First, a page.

- The Life After Coal campaign (comprising the environmental justice groups groundWork and Earthlife Africa, and public interest environmental law group the Centre for Environmental Rights) calls on South Africa to meet the lower bound of its new climate target range by accelerating the coal phase-out and renewable energy build, and to lead on demanding increased financial support from wealthy nations for adaptation and loss and damage at this month’s climate meeting in Glasgow.
Last month, the South African Cabinet approved an updated Nationally Determined Contribution (NDC) in terms of the Paris Climate Agreement. This NDC includes the greenhouse gas emissions limits that South Africa has committed to adhere to – for 2025 and 2030.
Only the lower bound of South Africa’s Updated NDC target range (of 350 to 420 Mt CO2eq) is broadly consistent with the 1.5°C pathway the world needs to avoid the worst impacts of climate change. To meet that lower bound target within the timeframes set, urgent action must start now. The most pressing actions are:
- Cancelling all new coal projects. This includes the 1500MW of coal still present in the 2019 Integrated Resource Plan for Electricity (IRP) (projected to cost SA 23 billion compared to a least-cost optimised electricity system, and 25 000 job losses economy-wide by 2030), and extra-IRP plans like the proposed 1320MW to 3300MW coal power plant planned for the Musina Makhado Special Economic Zone (MMSEZ).
- Avoiding massive new gas infrastructure projects that modelling has shown we do not need in future. Gas is still a fossil fuel, with high greenhouse gas emissions all along the gas value chain, as well as high negative climate impacts that would move us further away from meeting national obligations. In its Net Zero by 2050 report released in July 2021, the International Energy Agency stated that, in order to reach net zero by 2050, no new oil or gas fields can be developed as of the date of the report. There is currently 25 000MW worth of new gas-fired power projects for which license or authorisation applications have been made.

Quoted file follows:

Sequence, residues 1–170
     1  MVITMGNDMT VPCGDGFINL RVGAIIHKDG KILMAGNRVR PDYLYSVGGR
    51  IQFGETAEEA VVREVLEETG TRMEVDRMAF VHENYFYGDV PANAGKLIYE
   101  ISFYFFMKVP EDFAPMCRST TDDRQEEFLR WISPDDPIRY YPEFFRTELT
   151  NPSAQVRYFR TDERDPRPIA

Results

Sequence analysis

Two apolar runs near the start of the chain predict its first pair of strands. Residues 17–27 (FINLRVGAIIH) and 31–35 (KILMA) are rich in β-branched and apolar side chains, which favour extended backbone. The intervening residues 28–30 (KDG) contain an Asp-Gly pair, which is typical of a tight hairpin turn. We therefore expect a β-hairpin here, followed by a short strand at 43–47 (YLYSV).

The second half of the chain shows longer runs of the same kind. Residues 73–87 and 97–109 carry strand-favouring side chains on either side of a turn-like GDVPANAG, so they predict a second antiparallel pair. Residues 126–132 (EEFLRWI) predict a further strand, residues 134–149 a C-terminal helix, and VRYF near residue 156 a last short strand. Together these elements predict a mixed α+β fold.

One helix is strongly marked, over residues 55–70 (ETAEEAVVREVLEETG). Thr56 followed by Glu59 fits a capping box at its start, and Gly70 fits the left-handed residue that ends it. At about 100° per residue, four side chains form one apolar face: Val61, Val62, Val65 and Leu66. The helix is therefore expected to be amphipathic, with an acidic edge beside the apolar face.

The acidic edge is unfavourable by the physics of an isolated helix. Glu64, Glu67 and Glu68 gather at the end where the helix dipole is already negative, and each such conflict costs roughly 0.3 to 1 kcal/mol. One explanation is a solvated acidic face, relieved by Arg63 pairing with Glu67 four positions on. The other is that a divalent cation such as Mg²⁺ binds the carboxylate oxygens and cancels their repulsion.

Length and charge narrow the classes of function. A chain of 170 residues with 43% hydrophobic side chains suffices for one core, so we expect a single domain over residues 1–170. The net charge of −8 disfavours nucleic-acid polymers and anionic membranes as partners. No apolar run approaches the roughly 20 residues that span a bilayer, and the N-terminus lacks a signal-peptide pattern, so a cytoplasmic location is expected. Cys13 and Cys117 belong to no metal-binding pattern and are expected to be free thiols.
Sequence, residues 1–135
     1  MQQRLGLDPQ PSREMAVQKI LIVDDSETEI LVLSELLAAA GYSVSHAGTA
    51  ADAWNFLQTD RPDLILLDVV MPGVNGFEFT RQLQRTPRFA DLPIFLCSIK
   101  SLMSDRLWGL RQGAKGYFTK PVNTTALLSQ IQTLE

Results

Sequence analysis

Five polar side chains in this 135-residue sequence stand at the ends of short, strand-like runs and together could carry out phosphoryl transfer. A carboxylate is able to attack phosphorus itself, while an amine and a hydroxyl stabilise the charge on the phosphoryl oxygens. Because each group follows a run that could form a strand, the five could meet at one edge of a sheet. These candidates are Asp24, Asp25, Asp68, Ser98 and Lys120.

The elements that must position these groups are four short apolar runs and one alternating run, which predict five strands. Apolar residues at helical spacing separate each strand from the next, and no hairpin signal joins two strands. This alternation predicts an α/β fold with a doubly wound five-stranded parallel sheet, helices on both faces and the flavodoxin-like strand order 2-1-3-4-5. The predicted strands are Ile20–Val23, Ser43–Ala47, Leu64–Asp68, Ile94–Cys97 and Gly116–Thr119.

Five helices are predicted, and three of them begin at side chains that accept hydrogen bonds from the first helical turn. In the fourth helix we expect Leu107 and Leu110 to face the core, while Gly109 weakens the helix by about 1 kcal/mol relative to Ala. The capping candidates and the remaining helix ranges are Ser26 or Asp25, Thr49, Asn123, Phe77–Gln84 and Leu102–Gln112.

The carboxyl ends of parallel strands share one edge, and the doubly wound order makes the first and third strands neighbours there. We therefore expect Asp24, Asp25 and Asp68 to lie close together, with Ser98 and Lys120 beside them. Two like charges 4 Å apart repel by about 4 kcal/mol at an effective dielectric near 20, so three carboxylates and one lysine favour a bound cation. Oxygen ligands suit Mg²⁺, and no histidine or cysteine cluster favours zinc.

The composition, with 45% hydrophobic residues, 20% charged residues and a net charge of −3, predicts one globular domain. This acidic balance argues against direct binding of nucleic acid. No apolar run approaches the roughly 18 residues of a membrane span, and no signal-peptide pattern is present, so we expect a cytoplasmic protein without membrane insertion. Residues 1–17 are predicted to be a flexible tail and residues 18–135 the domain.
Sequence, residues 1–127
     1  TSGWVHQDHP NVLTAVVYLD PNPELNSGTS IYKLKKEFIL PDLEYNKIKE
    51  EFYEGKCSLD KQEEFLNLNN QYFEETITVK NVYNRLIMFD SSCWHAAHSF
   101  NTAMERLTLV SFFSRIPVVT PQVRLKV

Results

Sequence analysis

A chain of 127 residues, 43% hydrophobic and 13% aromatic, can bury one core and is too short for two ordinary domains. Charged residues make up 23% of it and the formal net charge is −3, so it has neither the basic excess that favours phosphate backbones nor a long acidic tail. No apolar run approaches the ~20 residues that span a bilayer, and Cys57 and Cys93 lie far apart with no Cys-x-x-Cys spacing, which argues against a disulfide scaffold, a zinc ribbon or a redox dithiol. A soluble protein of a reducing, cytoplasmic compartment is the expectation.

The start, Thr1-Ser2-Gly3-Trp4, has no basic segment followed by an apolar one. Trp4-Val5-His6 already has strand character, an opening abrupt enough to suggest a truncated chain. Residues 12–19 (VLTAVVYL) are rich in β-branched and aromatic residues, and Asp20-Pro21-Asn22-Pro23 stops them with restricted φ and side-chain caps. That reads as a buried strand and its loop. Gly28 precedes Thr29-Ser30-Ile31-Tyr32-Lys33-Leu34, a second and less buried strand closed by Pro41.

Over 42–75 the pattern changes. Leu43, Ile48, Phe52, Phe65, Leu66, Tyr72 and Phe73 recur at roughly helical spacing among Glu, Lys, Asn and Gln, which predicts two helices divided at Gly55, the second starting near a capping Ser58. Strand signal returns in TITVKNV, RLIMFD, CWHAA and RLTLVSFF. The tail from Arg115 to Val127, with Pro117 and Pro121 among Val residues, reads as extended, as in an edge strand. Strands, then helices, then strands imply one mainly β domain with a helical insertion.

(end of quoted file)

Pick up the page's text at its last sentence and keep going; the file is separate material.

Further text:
- Accelerating the retirement of our coal fleet at a rate faster than that prescribed by the timetable in the IRP 2019. The Life After Coal campaign calls for zero fossil fuels in electricity generation by 2040 at the latest, and a zero fossil fuel economy by 2050. Coal pollution is killing our people, and destroying their health. This is a gross Constitutional and human rights violation that cannot continue.
- Accelerating a broad and inclusive just transition from coal and other fossil fuels. In August, the Life After Coal campaign launched a Just Transition Open Agenda which sets out the key tenets of such a just transition. We want a transition that not only secures a coal phase-out, but does so in a way that achieves a fair outcome for workers and communities, including in particular women and youth; that gives effect to Constitutional rights, including the right to equality; and that makes our country and our communities more climate resilient. A credible, supported Just Transition Plan also increases our prospects of getting the finance we need.
- Dramatically scaling up and accelerating our renewable energy build: We are currently far behind the timetables for the already constrained renewable energy plans put forward in the outdated 2019 IRP. Modelling shows that we need to build at least 4 GW of renewable (wind and solar) capacity per year for the rest of the decade in order to meet our committed emission reduction targets. There are many positive spin-offs for economic development and job creation from such a big renewable build.
Author: Bryan Groenendaal
Source: Life After Coal